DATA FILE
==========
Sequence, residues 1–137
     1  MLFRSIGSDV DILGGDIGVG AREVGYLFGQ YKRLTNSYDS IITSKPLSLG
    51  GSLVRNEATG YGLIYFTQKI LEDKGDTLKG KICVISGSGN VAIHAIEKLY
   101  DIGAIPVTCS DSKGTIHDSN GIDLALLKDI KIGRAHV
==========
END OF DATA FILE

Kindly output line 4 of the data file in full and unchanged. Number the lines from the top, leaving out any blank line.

   101  DIGAIPVTCS DSKGTIHDSN GIDLALLKDI KIGRAHV